To commemorate International Domestic Workers’ Day 2022, Phoebe Dimacali, Chairperson of the Filipino Domestic Workers Association (FDWA-UK), reflects on her experiences as a domestic worker in the UK and how accessing rights was possible because of the original Overseas Domestic Worker visa, the devastating impact of the changes to the immigration rules made by the UK government 10 years ago, and the fight to restore the rights of domestic workers.
Today, 16 June 2022, is International Domestic Workers’ Day – a day established to celebrate the passing of ILO 189, the Domestic Workers Convention, which recognises the valuable contribution of domestic workers like myself and seeks to protect our rights as workers but which has not been signed or ratified by the UK.
This year’s celebration also marks 10 years since the UK Government revoked key rights within the Overseas Domestic Worker visa, which had guaranteed migrant domestic workers basic rights in the UK, such as the right to switch employers and apply to renew the visa, together with a route towards settlement. In the decade that has since passed, as a domestic worker and community organiser, I have witnessed the terrible consequences of this change to the immigration rules and other changes in immigration policy through the Hostile Environment.
On International Domestic Workers’ Day, I would like to take the opportunity to reflect on these changes and speak on behalf of migrant domestic workers, especially those who have been silenced for so long.
Almost twenty years ago, I was brought to the UK by my then employer. It felt like a contradiction: I was supporting my family by caring for other people’s children and leaving mine behind. My employer was abusive and I left them for my own safety. At the time, migrant domestic workers had the right to change employers in the UK. I found another employer who proved to be more respectful of my rights. After a few years, I received indefinite leave to remain and I was able to bring my two children to the UK, to finally raise them myself. One of my children is now in university studying law and both now have British citizenship. The cycle of exploitation ended when I was granted status in the UK. I pay taxes, national insurance, and contribute to my pension. I’ve made a home here, I’ve found a community and been part of the struggle for our rights as domestic workers.
My experience of recovering and rebuilding a life after exploitation and trafficking is shared by hundreds of other domestic workers who, like me, were given the opportunity to settle here. I am part of a cohort of domestic workers who were a recognised workforce: we could obtain a national insurance number, open bank accounts, register with GPs, and find a place to live. We had the right to apply for a visa extension and became eligible for indefinite leave to remain and British citizenship. We had the right to reunite with our families.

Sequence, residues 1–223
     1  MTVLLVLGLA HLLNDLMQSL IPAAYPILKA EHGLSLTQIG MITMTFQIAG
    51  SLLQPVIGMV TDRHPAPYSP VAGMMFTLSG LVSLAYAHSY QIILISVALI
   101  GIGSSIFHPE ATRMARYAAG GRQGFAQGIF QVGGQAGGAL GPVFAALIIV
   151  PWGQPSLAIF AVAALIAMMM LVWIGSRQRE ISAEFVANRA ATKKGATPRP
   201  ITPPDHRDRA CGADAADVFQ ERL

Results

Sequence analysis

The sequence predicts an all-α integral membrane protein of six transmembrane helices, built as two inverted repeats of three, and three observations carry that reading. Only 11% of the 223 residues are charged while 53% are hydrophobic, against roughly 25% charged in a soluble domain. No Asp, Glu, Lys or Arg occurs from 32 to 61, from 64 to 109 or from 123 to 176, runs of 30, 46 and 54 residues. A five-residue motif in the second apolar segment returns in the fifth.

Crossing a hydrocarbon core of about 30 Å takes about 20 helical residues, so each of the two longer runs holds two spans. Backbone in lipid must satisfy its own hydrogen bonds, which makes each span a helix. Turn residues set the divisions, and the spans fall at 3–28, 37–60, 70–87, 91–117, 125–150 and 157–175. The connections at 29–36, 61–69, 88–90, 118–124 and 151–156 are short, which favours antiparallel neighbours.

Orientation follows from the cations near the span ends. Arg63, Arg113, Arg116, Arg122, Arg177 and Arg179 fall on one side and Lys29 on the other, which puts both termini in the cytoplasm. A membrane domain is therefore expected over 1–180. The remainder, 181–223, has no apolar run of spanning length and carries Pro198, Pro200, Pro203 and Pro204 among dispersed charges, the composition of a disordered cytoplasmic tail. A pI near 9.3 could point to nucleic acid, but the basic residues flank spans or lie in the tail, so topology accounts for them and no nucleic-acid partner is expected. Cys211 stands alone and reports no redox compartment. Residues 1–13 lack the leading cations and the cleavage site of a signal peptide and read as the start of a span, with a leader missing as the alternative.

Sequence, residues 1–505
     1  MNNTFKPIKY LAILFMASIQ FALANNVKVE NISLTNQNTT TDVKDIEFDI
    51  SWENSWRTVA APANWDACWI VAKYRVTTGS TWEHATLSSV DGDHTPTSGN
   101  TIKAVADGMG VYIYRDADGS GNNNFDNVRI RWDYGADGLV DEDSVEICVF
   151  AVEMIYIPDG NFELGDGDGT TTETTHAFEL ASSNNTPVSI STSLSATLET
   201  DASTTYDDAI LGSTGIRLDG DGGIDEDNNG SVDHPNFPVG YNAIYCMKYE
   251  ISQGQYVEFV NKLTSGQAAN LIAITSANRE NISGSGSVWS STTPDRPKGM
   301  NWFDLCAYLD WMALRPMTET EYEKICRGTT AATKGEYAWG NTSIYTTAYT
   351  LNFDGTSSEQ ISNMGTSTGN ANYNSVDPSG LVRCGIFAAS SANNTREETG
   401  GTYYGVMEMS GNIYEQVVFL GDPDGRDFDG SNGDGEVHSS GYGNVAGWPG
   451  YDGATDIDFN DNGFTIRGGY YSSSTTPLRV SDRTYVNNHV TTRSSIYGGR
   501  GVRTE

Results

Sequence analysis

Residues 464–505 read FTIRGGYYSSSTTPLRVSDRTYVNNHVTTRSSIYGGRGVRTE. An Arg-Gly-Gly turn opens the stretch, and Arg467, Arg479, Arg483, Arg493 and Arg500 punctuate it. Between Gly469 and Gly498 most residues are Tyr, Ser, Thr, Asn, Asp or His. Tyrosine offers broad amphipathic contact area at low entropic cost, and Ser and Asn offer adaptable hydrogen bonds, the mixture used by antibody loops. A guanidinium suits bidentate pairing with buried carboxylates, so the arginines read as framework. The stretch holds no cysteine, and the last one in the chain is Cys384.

This story no longer rings true for my fellow domestic workers who arrived in the UK after 2012. When the government revoked essential rights within the Overseas Domestic Worker visa, they trapped domestic workers on visas which were tied and are still not renewable, even if the work is ongoing. They tightened our employers’ control over us and perpetuated further exploitation, facilitated human trafficking, and stripped domestic workers of any meaningful protection or way of asserting our rights.
In response to this change in legislation, a group of Filipino women working as domestic workers, including myself, founded the Filipino Domestic Workers Association to provide immediate support for domestic workers and to campaign for our rights to be restored. Since our establishment in 2013, we have rescued hundreds of domestic workers from abusive employers, found them emergency accommodation, and helped them access legal advice. Over the nearly 10 years of our existence, we see the same exploitation happening again and again: workers go unpaid for months, deprived of food, working from dawn to dusk. They’re denied days off or sick pay, they don’t have places to rest or sleep. Their employers keep their passports as a form of control. Due to the change in visa, many become undocumented – having lost the right to apply for visa extensions and settlement – cutting them off from even more support and public services. Migrant domestic workers have been pushed further and further to the margins of society. Their basic workers’ rights have been denied. For a decade now, they have been systematically dehumanised and exploited.
But, as a community of migrant domestic workers, we have mobilised, resisted, and fought back – tirelessly advocating for our rights.
For International Domestic Workers Day, my message and our call to action is for domestic work to be recognised as work, for domestic workers to be recognised as workers, for migrants’ rights to be recognised as human rights. The campaign to reinstate the pre-2012 Overseas Domestic Workers’ issue is a workers’ rights campaign and a migrants’ rights issue: the liberation and empowerment of migrant domestic workers will lead to better workers’ rights and migrants’ rights for the rest of society.
A decade without rights is ten years too many. We call on the UK government to Ratify ILO Convention 189. We call for the reinstatement of the domestic visa concession. Long live migrant worker solidarity!